Ladies & Gentlemen, we have a problem. Our business model is broken.
Trying to make your daily, weekly or monthly budget while ignoring the 800-pound gorilla in the room is akin to the title of this article.
The Big Disconnect in Local Media
Nancy Lane is the president of the Local Media Association. Her latest article on LinkedIN really caught my attention. Like the fact that only 1% of publishers/station managers/GMs agree that their sales reps do a good job when it comes to selling digital. Why do you think that might be?
Gordon Borrell Knows
LMA research notes that most traditional media sellers have too many things to sell, making it hard for them to be consultative.
I’ve been hearing Gordon Borrell tell broadcasters exactly what they need to do to grow their slice of the ad pie for a couple of years now. At seminars I’ve attended, Gordon always adds that the companies doing the best job of growing their digital sales, employ sales people dedicated to only selling digital. It’s probably why this month Gordon Borrell was quoted as saying, “The pool of dollars is stunningly large, and radio often doesn’t get more than a ladle dip in the shallow end.”
Finding Good Sales People
If you’re a sales manager, director of sales or GM, the best way for you to find good sales people would be if your current staff would recommend working for your broadcast station, right?
Well, Nancy’s LMA found in their research that current media employees recommending others to work at their company came in at a 3. To put that number in perspective, the company that does this kind of research for all industries, found historically with all of their clients, that an average score for employees recommending their company as a good place to work was 36. In fact, the company hired to do the research by LMA had never seen a score of 3 before. It was the lowest they’ve ever seen in the history of their research.
That news alone should be a BIG wake-up call to everyone in media, since talent recruitment/retention was cited as the #1 challenge.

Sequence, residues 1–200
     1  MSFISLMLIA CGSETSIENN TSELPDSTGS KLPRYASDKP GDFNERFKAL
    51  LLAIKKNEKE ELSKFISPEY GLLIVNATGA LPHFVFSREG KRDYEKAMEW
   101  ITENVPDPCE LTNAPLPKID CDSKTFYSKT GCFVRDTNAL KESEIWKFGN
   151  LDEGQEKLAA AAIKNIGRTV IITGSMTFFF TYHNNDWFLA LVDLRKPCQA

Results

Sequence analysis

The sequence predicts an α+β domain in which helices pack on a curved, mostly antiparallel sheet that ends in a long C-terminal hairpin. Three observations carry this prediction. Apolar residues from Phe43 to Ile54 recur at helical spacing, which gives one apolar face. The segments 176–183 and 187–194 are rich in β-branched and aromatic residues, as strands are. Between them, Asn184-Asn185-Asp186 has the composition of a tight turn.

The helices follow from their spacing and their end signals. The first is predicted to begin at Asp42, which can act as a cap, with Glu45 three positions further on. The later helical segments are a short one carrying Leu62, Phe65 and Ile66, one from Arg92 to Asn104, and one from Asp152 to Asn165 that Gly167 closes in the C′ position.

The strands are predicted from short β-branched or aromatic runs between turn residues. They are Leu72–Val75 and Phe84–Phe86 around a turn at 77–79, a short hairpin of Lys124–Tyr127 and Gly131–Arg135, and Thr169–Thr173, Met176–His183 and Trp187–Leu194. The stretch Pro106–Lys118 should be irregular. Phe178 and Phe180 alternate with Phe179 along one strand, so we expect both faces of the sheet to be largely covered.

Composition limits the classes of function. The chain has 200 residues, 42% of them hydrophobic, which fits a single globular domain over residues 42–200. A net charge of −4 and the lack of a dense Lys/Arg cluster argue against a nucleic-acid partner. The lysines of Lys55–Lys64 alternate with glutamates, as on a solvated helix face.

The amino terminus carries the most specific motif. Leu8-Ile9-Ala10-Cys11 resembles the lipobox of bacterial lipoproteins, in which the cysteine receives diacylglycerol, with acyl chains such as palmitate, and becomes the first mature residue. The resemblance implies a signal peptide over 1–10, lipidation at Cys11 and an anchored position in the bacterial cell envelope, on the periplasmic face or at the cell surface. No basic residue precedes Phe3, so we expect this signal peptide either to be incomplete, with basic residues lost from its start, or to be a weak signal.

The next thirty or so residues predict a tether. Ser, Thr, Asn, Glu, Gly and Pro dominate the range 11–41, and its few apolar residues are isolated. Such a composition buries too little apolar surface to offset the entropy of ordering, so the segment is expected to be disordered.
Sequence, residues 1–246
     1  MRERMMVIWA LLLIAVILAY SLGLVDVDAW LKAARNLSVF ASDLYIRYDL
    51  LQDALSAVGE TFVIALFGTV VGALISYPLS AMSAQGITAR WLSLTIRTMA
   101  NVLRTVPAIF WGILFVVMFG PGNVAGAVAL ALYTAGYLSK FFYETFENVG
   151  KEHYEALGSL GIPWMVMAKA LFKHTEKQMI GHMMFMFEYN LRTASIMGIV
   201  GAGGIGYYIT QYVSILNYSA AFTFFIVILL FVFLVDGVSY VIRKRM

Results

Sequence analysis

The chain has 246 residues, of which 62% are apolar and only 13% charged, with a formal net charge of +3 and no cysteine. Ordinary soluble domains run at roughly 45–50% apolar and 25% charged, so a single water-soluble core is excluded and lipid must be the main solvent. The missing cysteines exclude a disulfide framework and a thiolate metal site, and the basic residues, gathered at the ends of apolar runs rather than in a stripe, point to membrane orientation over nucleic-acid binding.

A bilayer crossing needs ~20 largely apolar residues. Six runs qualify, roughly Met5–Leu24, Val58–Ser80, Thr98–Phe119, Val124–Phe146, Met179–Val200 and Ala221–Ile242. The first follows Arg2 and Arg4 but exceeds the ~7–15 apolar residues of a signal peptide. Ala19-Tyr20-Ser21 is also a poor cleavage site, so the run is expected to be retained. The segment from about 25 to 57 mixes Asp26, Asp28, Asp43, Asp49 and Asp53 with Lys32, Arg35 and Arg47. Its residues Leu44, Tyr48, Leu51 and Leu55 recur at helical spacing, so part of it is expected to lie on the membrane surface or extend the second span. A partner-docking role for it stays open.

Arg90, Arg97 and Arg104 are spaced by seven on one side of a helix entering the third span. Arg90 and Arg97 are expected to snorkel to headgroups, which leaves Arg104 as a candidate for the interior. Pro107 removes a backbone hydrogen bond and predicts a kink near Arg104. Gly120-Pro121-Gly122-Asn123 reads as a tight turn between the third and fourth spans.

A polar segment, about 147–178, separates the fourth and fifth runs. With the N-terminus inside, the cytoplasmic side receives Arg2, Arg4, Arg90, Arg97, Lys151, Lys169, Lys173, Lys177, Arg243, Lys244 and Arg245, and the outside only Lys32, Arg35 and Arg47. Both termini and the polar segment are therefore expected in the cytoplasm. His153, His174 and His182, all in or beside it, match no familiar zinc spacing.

Digital is a Marathon, NOT a Sprint
A couple of the hard realities of digital is that it will take a long-term commitment and there still isn’t an overall business model to effectively monetize the audience being attracted.
Another hard reality is that the time to see a return on a company’s digital investment is longer than many CEOs want to hear about, plus the digital margins won’t look anything like the fat margins enjoyed by legacy media companies of the past.
Just One Example
To try and put all of this into a little more in perspective, let me share some of the cold hard facts shared in an article titled “Thinking of Starting a Podcast, DON’T.”
Jordon Harbinger writes “We are in the golden age of podcasting.” So why when asked if everyone should be starting a podcast does he give this super complicated advice: “DON’T.”
Here’s why, Harbinger has been hosting a podcast since 2006 (The Art of Charm) and candidly admits that if he had to start all over again today, he’s not sure he would. “It’s never been easy and it’s not easily profitable,” says Harbinger.
Today, Harbinger says his podcast is grossing about $480k/year, but in the beginning, he was spending around $10k/month with no promise of an immediate return on that investment. In fact, he suspects if you were to add it all up, they’d be just barely in the black after six years.
The Problem is Us